Sunday, 19 January 2014

Parsimony in the social sciences

Parsimony - in the form of Occam's razor or Solomonoff induction - is an important foundation of science.

However, in the social sciences, simplicity is often seen as a bad thing. Often models are criticized as being overly simplistic.

I haven't written about this before - since Boyd and Richerson's Simple Models of Complex Phenomena says practically everything I would say - and much more in far more detail than I would bother with.

However, Jonathan Haight's critique of "the pursuit of parsimony" (see also 6:10 here) makes the subject topical - so now seems like a good moment for my two cents.

Complex models have a number of drawbacks. They are difficult to construct, difficult to use, difficult to maintain, difficult to publish, and difficult to teach. In short, complexity costs.

The argument for complex models is that they are more accurate. This is often not true, but even when it is, complex models are often not worth the associated costs.

Simple models are ubiquitous in science. People still use Newtonian mechanics - even though it is less accurate than general relativity. In population genetics, one often assumes that the population size is infinite, or that gene fitnesses combine linearly to produce organism fitnesses, or that mutations occur at random. If other scientists took the social science approach, no work would get done.

Why are social scientists so obsessed with making their models perfect? I think it's because they are such sharp critics of each others' work. Anything that falls short of total realism gets shot down in flames as a naive over-simplification. Inaccurate social science models aren't just scientific mistakes, they can led to capitalism, euthanasia or Social Darwinism.

Sometimes the charge of oversimplification is genuinely useful. Perfectionism can sometimes be a virtue - but often it is a destructive and paralysing obsession. This has certainly been a common result in the social sciences. These have yet to embrace Darwinism in many cases. Much social science has been stuck in a pre-Darwinian backwater for 150 years. If you reject simplified models, you don't have basic models that can be improved on. Whatever methodology social scientists have been pursuing, it hasn't been working very well.

Anyway, no one should ever write:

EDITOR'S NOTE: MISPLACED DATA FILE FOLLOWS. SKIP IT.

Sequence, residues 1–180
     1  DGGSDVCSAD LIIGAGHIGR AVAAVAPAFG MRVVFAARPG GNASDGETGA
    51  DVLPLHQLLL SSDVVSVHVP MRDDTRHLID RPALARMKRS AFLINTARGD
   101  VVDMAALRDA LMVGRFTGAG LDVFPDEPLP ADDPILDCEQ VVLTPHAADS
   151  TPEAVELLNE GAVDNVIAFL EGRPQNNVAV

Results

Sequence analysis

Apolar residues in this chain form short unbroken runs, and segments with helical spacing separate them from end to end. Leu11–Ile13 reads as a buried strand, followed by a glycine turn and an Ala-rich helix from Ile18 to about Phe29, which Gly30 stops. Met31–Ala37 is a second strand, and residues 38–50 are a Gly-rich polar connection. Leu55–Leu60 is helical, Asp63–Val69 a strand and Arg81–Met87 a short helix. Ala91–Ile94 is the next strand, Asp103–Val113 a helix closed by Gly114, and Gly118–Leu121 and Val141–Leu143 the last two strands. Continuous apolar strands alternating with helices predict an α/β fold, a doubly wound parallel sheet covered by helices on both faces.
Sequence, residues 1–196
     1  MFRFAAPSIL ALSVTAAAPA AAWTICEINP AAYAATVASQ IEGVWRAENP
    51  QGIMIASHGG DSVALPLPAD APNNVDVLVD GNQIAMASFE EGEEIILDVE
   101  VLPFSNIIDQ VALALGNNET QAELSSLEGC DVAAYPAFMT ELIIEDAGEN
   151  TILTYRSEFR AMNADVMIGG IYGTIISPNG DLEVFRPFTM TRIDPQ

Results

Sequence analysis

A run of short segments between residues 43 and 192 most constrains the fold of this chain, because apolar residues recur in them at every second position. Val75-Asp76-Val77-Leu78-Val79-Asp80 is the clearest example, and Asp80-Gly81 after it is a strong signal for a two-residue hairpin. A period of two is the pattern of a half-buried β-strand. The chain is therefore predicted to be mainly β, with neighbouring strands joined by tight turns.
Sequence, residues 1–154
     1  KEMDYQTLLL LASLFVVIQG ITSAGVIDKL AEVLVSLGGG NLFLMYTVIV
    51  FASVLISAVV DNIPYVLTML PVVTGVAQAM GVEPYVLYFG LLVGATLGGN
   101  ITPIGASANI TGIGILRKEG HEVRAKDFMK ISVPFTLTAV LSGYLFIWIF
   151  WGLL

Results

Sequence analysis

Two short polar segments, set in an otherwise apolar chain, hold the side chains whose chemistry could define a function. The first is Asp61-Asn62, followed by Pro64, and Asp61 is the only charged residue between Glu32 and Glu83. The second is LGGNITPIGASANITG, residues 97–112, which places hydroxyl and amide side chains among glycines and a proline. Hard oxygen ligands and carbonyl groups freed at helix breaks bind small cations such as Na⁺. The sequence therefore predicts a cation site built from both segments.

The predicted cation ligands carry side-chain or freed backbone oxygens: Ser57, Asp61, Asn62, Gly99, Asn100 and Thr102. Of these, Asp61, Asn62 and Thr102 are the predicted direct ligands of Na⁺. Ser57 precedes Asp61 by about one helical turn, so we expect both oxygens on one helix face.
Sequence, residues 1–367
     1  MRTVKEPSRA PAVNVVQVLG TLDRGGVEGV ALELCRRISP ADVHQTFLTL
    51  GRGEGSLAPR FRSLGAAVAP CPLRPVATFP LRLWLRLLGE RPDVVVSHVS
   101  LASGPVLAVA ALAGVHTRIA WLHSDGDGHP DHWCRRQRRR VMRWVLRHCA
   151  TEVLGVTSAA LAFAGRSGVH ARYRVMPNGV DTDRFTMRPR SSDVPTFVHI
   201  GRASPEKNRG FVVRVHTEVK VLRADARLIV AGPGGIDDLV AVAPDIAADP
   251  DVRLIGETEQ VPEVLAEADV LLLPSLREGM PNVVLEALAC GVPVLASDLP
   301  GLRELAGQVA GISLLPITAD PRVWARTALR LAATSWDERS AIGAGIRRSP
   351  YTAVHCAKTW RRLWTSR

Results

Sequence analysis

Let's retire the pursuit of parsimony from the social sciences. Parsimony is beautiful when we find it, but the pursuit of parsimony is sometimes an obstacle to the pursuit of truth.


  1. To illustrate your misunderstanding of Solomonoff induction's application to social science, let's look at a linear correlation between two social variables, A and B. You have a population of people and for each you measure property A and measure property B. These produce a scatter of people on a graph. If they line up exactly (which they never do unless you have only 2 people) you have a correlation coefficient of 1.0 or -1.0. But since they never do, you have errors and a correlatin of between 1.0 and -1.0. As with all such linear regressions, the line has a slope and a y intercept (say A = slope * B + y_intercept) that are chosen so that the ERROR is minimized. Solomonoff induction forces you to add, to the size of your model, a commensurable measurement of the total error of your line. Since the size of your model is in terms of bits of information required to encode your linear equation, the number of bits required to precisely describe its errors are added to the model's length to produce the measurement of how parsimonious your model actually is. This is how Solomonoff induction avoids oversimplification and its constant companion, confirmation bias.

    Indeed, the time is ripe to retire the social sciences as we have known them and leverage Moore's Law by encourging social scientists to construct comprehensive data encoding social measures across disciplines, and compare comprehensive social models against each other according to which can produce the shortest executable archive of said data. This will revitalize intersectional disciplines like political economy but it will do far more than that: It will bring social science out of the realm of quasi theology and sophistry into honest public discourse.

    1. I mentioned Solomonoff induction and Occam's razor to indicate the scientific preference for brevity in explanation.

      It seems a bit patronizing to conclude that I am under the delusion that these ideas don't offer a way of including complexity when it is required.

      If I was really that ignorant, I would probably have been incapable of writing the rest of this article.